The new episode has only added a new measure of mystery, spy stories and sophisticated aggressions to what was already the typical script of this “avoidance/approach” conflict, where the object of desire is both rejected and hazily desired.

The terrain for belligerency is fertile, and on such a fecund base sprout the most varied speculations about the perpetrators of the attacks allegedly suffered by the diplomats.

Supporters of the thaw point to an orthodox group within the Cuban government who saw the pact with the United States as a betrayal. A “Taliban” brotherhood well enough placed in the spheres of power to be able to undertake an action of such complexity.

Others speculate that a third country, such as Russia, Iran or North Korea, used Cuban territory to perpetrate an attack on its old rival. In that case, the island would have been merely the scene of a struggle of external powers with national intelligence not even aware of it. The latter is very unlikely in a country where surveillance has escalated to degrees of oppressive sophistication and intensity.

There are also those who point to Fidel Castro as the evil genius behind the acoustic attack plot. The only man with more power than Raúl Castro who would have been capable of organizing something of that nature emerges amid the speculations of those who remember his incalculable capacity to annoy Washington.

Those who hold the hypothesis of the “poisoned will” of the Comandante say that the mysterious noises began before his death last November and also remember how he distanced himself from the diplomatic thaw. The eternal anti-imperialist must have liked nothing about his brother’s flirtations with the tenant of the White House, say those who support this conjecture.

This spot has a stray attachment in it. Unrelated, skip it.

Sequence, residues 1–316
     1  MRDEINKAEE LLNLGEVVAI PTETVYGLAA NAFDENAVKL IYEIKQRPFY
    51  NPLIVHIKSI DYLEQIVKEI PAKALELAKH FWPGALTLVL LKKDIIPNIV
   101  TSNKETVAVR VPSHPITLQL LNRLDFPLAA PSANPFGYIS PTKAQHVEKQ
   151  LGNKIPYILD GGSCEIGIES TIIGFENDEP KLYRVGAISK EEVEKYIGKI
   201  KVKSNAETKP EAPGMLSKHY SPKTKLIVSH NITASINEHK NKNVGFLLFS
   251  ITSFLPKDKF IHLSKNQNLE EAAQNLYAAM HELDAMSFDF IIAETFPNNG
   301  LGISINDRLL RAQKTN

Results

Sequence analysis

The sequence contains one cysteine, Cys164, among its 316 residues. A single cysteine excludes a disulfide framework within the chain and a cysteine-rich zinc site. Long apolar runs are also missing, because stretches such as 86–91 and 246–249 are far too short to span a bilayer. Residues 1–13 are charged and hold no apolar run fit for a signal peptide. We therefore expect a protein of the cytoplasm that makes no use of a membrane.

The official press points out that the acoustic attacks have been just the pretext for Trump to implement a policy towards Cuba more aligned with those segments of the diaspora discontented with the thaw, as it downplays what happened and sows doubt that such aggressions even existed. However, it reiterates that the Government is willing to cooperate with the investigation.

The big loser in all these events is Raúl Castro. The main legacy of his mandate rested precisely on having achieved a rapprochement between both nations. Through the thaw, the youngest of the brothers made his own mark and stepped away from the shadow of the Comandante en Jefe, a contumacious agitator of the conflict between the Island’s David and the American Goliath.

The general, who until now has been unable to fulfill many of the promises of his mandate – such as monetary reunification, in a country fractured by the duality between the convertible peso and the Cuban peso – or returning to wages their lost dignity, sees how his government’s legacy is vanishing.